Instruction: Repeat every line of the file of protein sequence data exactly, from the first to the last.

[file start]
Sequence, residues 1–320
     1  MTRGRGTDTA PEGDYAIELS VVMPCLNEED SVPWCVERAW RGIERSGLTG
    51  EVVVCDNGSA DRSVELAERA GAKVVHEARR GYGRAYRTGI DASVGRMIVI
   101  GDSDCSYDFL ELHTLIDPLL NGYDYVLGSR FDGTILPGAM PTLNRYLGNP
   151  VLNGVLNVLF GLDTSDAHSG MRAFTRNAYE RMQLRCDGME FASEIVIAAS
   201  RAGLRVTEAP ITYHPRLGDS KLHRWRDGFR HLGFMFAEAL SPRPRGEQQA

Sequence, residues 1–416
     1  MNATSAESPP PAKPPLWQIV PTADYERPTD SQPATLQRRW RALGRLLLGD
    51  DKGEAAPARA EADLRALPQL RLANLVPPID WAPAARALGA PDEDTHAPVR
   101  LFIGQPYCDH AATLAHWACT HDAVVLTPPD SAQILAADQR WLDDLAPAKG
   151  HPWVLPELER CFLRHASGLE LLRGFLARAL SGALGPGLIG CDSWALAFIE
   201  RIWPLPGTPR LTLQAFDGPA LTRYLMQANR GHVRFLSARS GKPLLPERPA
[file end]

Sequence, residues 1–320
     1  MTRGRGTDTA PEGDYAIELS VVMPCLNEED SVPWCVERAW RGIERSGLTG
    51  EVVVCDNGSA DRSVELAERA GAKVVHEARR GYGRAYRTGI DASVGRMIVI
   101  GDSDCSYDFL ELHTLIDPLL NGYDYVLGSR FDGTILPGAM PTLNRYLGNP
   151  VLNGVLNVLF GLDTSDAHSG MRAFTRNAYE RMQLRCDGME FASEIVIAAS
   201  RAGLRVTEAP ITYHPRLGDS KLHRWRDGFR HLGFMFAEAL SPRPRGEQQA

Sequence, residues 1–416
     1  MNATSAESPP PAKPPLWQIV PTADYERPTD SQPATLQRRW RALGRLLLGD
    51  DKGEAAPARA EADLRALPQL RLANLVPPID WAPAARALGA PDEDTHAPVR
   101  LFIGQPYCDH AATLAHWACT HDAVVLTPPD SAQILAADQR WLDDLAPAKG
   151  HPWVLPELER CFLRHASGLE LLRGFLARAL SGALGPGLIG CDSWALAFIE
   201  RIWPLPGTPR LTLQAFDGPA LTRYLMQANR GHVRFLSARS GKPLLPERPA